Glenn Goldberg

The New Criterion

Glenn Goldberg’s patchwork universe, by Mario Naves

June 19, 2018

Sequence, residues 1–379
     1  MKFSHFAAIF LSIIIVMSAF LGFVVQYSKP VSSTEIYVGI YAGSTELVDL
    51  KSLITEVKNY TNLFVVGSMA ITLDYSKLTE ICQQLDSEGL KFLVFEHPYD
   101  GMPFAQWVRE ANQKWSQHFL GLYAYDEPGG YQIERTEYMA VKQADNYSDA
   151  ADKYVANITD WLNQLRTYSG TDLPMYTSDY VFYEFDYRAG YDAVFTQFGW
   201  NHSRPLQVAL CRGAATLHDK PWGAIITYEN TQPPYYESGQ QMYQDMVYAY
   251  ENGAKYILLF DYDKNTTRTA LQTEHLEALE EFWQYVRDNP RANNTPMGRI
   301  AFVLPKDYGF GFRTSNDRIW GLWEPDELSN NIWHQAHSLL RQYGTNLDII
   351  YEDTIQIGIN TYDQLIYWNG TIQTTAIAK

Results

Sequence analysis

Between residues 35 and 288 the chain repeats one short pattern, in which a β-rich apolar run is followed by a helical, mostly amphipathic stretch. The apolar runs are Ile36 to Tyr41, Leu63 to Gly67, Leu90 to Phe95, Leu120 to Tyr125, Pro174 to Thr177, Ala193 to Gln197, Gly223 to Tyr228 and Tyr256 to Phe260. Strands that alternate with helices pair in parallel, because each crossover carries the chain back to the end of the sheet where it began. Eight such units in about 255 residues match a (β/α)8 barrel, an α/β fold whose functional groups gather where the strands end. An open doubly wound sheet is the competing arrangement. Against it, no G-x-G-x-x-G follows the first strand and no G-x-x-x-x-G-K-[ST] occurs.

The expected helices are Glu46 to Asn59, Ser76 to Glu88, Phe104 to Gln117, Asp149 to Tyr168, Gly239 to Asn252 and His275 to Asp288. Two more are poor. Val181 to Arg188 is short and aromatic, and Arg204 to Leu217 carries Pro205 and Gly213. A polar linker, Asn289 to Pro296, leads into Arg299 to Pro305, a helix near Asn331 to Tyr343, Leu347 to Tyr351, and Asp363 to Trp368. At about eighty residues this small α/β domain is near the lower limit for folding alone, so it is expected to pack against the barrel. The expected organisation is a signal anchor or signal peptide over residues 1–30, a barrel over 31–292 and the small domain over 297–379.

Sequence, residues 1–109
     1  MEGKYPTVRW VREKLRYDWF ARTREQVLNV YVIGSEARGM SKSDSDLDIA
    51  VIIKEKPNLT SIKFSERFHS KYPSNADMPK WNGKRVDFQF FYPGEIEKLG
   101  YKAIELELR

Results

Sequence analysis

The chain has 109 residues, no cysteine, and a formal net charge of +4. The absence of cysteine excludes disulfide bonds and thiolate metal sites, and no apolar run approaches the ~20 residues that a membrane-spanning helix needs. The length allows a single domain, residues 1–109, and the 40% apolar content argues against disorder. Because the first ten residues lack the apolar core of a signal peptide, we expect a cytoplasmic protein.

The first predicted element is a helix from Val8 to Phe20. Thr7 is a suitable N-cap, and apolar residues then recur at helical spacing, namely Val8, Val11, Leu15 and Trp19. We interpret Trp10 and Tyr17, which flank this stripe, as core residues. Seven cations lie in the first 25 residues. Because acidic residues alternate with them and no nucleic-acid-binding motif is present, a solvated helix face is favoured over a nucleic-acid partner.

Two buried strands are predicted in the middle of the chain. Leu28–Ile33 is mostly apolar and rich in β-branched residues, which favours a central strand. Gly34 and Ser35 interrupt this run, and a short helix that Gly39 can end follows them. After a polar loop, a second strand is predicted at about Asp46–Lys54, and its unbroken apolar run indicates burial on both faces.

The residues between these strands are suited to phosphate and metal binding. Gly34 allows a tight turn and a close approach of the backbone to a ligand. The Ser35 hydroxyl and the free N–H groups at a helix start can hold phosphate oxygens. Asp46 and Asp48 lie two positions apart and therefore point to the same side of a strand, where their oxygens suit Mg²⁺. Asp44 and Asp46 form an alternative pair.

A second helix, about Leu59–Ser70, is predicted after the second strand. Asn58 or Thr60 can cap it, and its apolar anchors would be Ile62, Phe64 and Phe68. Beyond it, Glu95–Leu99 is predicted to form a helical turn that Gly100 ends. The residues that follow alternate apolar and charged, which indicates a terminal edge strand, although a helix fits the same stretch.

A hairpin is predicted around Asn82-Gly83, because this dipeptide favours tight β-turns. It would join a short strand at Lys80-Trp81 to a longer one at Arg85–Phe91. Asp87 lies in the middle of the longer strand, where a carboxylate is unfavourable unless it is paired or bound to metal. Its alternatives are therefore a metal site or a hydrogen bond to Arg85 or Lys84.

To get an idea of the curious byways an artist might find himself exploring, here, in the twenty-first century, you can’t do better than head to the New York Studio School’s “Glenn Goldberg: Plums and Breezes,” an adumbrated, if somewhat bumpy, overview spanning forty years. “Plums and Breezes” begins in 1977, when Goldberg entered the Studio School as a student, and works its way to pieces of a more recent vintage by the now–Associate Professor of Painting at Queens College. Goldberg’s trajectory, and more so his landing place, offer an example of how quixotic the artist’s lot has become. Contemporary artists work in a media landscape teeming with imagery, not to mention a culture inured to the notion that art is an endeavor free of standards or definition. Creative types have been left to their own devices in ways that were unimaginable one hundred, let alone five hundred, years ago. The challenge of operating within this increasingly fluid playing field isn’t realizing an individual vision, but instead making that vision matter. Given the rabbit holes into which artists ensconce themselves nowadays, the big question is why the rest of us should feel obliged to follow.